Life influencing art, scaring the bejesus out of me


Earlier this week, author Ray Garton (who’s awesome, and you should read all his stories) asked on one of the social networks (the blue one) about sleep paralysis.

For those who aren’t familiar with the phenomenon, sleep paralysis, also known as night terrors, is perhaps the scariest thing you could ever imagine. You wake up in the middle of the night, completely locked into place. You can’t move anything, you can’t be heard by anyone else if you decide to scream, and all you can move is your eyes.

Also, as a bonus feature, you have an overriding fear of someone or something just barely outside of your sight. Something sinister, that’s just about to harm you in whatever violent means your brain can come up with. Some imagine it being an “old hag”, others just shadowy figures waiting to do something terrible to you before you can act. All you can do is lay there, paralyzed, waiting for your doom.

Originally published by Apex Book Company, April 2012

So yeah, not the most fun thing in the world. In fact, now that I write this, there’s little chance I will sleep tonight because I’ll be waiting for it to happen. Again.

I’ve been plagued by the phenomenon since I was just a toddler. In all that time, through hundreds of events, all I’ve ever thought of was the fear. But after reading on Ray’s post about them, and the many comments he’s received from others about their experiences, I’ve come to an odd conclusion.

Maybe I wouldn’t have the artistic ideas that I do if those events didn’t happen.

Looking back over my art, over many years, there’s one thing that seems to be terribly consistent. The idea that, in most of my works, the main characters (or creatures) are not completely shown. They are nearly always partially shadowed, or cropped so they are off-screen a bit, or emerging from some dark or abstract area.

Mummy Afire

Mummy Afire

Case in point, on the right is an digitally reworked ink I did recently called Mummy Afire. It definitely has that “coming out of the shadows” vibe, and not knowing what horror awaits. Obviously something sinister, and, as the viewer, we should probably start running.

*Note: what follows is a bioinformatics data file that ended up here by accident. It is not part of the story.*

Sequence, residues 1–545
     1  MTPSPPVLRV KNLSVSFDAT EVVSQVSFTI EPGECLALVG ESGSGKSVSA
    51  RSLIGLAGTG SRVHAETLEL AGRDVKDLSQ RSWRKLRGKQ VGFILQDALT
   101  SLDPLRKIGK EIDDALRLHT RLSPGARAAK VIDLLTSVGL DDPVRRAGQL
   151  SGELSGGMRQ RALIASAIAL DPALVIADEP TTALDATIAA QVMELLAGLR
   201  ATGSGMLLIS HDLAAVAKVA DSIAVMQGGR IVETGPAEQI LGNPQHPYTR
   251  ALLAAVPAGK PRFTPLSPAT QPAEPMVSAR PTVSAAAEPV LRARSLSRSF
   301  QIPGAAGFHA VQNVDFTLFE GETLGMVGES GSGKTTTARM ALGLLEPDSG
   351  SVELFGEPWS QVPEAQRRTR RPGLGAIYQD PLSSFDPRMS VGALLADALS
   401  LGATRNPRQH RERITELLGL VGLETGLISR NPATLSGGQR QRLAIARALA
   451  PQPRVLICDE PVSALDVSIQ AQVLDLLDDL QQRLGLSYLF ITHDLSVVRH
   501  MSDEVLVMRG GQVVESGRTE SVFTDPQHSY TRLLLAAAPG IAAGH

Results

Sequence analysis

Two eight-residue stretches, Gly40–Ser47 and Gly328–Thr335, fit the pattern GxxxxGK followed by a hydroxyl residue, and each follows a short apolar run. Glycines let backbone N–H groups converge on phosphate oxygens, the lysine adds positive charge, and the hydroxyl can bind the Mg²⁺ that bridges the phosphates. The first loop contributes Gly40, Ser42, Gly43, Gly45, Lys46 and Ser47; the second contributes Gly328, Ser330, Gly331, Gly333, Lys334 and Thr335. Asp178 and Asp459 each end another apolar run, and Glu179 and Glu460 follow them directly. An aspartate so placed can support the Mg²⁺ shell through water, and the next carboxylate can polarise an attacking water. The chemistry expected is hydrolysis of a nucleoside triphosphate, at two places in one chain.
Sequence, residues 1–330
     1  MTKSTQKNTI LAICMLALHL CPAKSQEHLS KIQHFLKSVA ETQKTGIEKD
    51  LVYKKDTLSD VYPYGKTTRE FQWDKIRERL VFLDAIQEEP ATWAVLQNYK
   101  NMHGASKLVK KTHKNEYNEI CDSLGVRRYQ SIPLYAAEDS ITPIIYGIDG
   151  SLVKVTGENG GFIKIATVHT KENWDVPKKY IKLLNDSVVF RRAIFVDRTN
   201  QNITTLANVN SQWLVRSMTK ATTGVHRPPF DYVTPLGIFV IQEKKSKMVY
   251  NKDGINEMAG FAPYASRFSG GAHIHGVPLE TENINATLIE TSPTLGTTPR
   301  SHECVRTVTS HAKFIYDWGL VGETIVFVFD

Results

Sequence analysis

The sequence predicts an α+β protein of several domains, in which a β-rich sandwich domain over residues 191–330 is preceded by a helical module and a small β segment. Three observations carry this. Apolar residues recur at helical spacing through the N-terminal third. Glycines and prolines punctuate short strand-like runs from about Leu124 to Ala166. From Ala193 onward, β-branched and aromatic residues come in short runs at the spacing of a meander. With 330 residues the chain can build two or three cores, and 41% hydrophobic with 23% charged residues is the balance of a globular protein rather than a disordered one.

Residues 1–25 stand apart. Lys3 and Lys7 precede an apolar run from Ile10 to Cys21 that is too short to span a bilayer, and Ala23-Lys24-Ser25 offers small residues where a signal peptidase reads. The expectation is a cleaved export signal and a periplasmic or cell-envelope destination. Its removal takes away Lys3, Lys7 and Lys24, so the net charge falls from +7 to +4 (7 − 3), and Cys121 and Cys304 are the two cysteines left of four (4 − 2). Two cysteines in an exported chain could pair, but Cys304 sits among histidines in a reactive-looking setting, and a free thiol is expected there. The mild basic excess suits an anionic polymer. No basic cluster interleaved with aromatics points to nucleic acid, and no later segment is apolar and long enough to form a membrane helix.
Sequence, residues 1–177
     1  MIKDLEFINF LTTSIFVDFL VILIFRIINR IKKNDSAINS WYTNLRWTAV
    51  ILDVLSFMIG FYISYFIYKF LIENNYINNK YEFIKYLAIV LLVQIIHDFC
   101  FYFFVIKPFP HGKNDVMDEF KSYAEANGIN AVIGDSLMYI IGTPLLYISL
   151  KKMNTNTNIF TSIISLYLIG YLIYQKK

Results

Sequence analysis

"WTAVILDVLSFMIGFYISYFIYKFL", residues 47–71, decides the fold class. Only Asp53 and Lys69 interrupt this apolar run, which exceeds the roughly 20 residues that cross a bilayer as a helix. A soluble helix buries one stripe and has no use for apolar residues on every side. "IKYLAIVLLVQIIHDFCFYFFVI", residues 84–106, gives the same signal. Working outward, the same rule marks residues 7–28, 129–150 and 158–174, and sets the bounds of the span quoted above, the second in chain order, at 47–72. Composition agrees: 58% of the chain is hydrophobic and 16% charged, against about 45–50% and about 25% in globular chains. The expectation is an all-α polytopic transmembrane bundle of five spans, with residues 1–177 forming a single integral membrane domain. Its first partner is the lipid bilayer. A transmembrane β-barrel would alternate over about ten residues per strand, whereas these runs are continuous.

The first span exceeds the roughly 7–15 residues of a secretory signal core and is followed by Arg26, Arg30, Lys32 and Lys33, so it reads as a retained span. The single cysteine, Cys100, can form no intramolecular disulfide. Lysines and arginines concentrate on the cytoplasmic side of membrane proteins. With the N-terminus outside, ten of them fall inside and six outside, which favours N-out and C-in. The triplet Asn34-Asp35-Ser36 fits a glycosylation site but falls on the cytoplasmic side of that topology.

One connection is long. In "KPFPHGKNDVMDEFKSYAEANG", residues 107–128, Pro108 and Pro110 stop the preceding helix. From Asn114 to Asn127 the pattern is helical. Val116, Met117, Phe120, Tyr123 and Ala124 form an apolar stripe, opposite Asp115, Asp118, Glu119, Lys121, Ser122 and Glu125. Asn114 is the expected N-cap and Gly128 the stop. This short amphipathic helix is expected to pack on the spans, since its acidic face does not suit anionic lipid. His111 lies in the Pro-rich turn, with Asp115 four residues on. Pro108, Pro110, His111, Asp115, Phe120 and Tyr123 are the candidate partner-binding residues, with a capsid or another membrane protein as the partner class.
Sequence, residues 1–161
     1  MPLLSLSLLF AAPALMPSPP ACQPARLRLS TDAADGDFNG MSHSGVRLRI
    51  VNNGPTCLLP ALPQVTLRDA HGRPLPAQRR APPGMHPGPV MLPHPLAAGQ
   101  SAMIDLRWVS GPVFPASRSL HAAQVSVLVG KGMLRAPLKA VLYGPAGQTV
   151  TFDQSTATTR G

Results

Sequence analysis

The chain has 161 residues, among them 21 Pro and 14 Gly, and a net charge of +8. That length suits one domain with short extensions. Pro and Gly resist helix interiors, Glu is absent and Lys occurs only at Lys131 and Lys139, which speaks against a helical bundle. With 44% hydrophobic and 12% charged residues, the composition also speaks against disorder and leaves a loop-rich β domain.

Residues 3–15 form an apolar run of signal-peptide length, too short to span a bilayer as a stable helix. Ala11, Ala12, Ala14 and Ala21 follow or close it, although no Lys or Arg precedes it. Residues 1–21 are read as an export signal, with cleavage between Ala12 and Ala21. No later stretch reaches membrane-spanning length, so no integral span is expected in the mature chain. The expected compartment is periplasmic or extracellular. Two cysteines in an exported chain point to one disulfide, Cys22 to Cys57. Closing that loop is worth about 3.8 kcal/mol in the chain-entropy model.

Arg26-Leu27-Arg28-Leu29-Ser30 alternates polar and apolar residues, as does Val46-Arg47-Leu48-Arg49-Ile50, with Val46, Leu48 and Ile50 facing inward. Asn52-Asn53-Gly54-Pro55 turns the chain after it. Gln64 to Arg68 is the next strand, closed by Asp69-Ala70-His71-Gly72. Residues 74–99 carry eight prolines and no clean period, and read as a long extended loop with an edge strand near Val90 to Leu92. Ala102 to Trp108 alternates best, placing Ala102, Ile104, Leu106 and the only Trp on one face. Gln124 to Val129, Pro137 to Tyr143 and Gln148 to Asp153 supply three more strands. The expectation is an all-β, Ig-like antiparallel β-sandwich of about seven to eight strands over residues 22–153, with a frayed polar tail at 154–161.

But looking over all of my art, I can see the influence of those scary events. It makes sense, really, that something so prevalent might affect the things that I do. Especially as a horror artist, night terrors might actually give me an insight into horror that others can only guess at.

It’s something that comes up a lot actually, the idea of “writing what you know”. In most cases, that’s just a start, but with strong life events that idea becomes much more overt. I’m not actually painting night terrors per se, since, being more or less invisible and personal, there’s not much there to show. But the emotions that I feel when they happen, the darkness that seems to creep into my very soul, is something that I can try to convey in the art.

That’s not to say horror is the only way to create something. Other, very strong events in life can certainly give more positive feelings as well. Those can easily come across in different kinds of works, even with stories of fantastic actions and otherworldly creations.

Any parent can come up with dozens of stories of how their children (especially when they are very little) are fascinated by something in the world. Everything is so big to them, so cool and amazing, that it rubs off on the parents at the same time. They feel so tiny that even things that adults take for granted, like walking around near skyscrapers in a big city, fills them with wonder.



In my piece at right, called RabbitField (think of the film Cloverfield, only with rabbits), that creepy sense from my night terrors is gone, replaced with the sense of being small. Without having kids, I certainly could have created a similar work. But having been with them in these huge cities, their wonder worked its way into my own psyche, and I chose an idea that shows just how little we are, and how large everything else might seem.

It’s easy to dismiss life’s events as simply being things that happen to us. They aren’t art, they are just the things that we see in our lives. That we can create anything we want, and it’s just research and practice that make the art look the way it does.

That’s simplifying though, and frankly it’s the easy way out. Everything we do in our lives, every day, alters our perspective in our work. Sometimes it’s small, like seeing a film like Cloverfield and thinking a rabbit would be funny. Other times it’s the horror of something that haunts us our whole lives. In my case, that’s the night terrors, and they most certainly have an effect on how I see horror and how I create my more terrifying works.

I don’t think creators necessarily have to acknowledge these ideas. I think they will manifest in our work whether we like it or not. But we should embrace those changes, these things that pop up in our lives, and let them change us. Over time, they help us to create a style, and to help us produce consistently better, more heartfelt work.

Those night terrors, so aptly named, might keep me up tonight. But tomorrow, they will help my new works be frightening, hopefully inspiring, and at the very least hopefully cause some emotion. As as artist, that’s all I really want and can hope for.

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